Preventive Care Services: Take Charge of Your Well-being
A stroke happens when blood flow to your brain is obstructed—either entirely stopped or greatly reduced. This slows or stops the flow of oxygen the brain needs to function properly. A stroke is a medical emergency and the fifth leading cause of death in the U.S.
It is very serious, but you can take control of your health by being aware of your risk and knowing what to do at the signs of stroke.
How to act FAST in the event of a stroke
Learn the signs in this video and be prepared to call 911! Since a stroke is an emergency, it’s important to act FAST if you notice the signs of a stroke in yourself or others.
Stay informed and share this eCard for Health video with others so that they too can act FAST if they or a loved one experiences a stroke.
Below are some risk factors that you can control, change or seek treatment for, according to the American Heart Association and the National Stroke Association:
What’s my risk of having a stroke? First, be aware that there are risk factors of a stroke that you can’t change, but that you should still know them in case they apply to you. According to the American Stroke Association and the Mayo Clinic, these include:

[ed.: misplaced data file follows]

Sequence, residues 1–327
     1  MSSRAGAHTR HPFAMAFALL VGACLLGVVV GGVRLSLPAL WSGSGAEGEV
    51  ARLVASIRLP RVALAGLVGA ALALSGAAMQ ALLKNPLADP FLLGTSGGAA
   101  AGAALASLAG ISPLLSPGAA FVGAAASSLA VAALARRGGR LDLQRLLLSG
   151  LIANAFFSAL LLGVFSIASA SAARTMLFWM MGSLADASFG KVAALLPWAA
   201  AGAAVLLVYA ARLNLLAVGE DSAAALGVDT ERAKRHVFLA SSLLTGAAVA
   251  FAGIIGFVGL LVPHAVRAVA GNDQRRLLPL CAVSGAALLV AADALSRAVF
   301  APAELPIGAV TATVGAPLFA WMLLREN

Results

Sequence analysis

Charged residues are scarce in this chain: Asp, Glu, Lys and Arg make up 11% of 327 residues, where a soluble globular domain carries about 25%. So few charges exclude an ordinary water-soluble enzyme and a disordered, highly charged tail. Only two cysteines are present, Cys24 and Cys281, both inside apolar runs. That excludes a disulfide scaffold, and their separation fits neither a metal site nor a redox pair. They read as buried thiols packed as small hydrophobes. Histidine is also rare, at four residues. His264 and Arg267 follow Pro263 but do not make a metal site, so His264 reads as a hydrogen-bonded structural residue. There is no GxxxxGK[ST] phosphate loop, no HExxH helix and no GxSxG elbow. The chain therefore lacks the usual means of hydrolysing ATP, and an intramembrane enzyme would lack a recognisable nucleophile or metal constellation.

Now that I know my stroke risk, what can I do to lower it? If you’re concerned that you might have multiple risk factors for stroke, now is a great time to get your body moving! One immediate action that can positively affect not only your stroke risk but also your blood pressure, weight, poor cholesterol levels and heart disease risk is exercise – specifically, walking: it’s a great exercise for all ages and fitness levels!
According to a study published in the journal Stroke, frequent walking may reduce your risk of having a stroke. The study tracked men ages 60-79 over 11 years. Among men who walked an hour or two per day, the risk of having a stroke was cut by 1/3. For those who walked three or more hours daily, stroke risk was slashed by two-thirds. Although that may sound like a lot of time, it included any walking from a fast walk around the block to a slow stroll through the aisles of a store; what’s more, you don’t have to do all of your physical activity at the same time. According to the American Heart Association, you’ll get the same benefits if you divide your exercise time into smaller 10- to 15-minute chunks each day.
Before making any big changes to your diet or exercise routine, make sure to talk to your doctor. He or she will have additional information to help you control your risk for a stroke.
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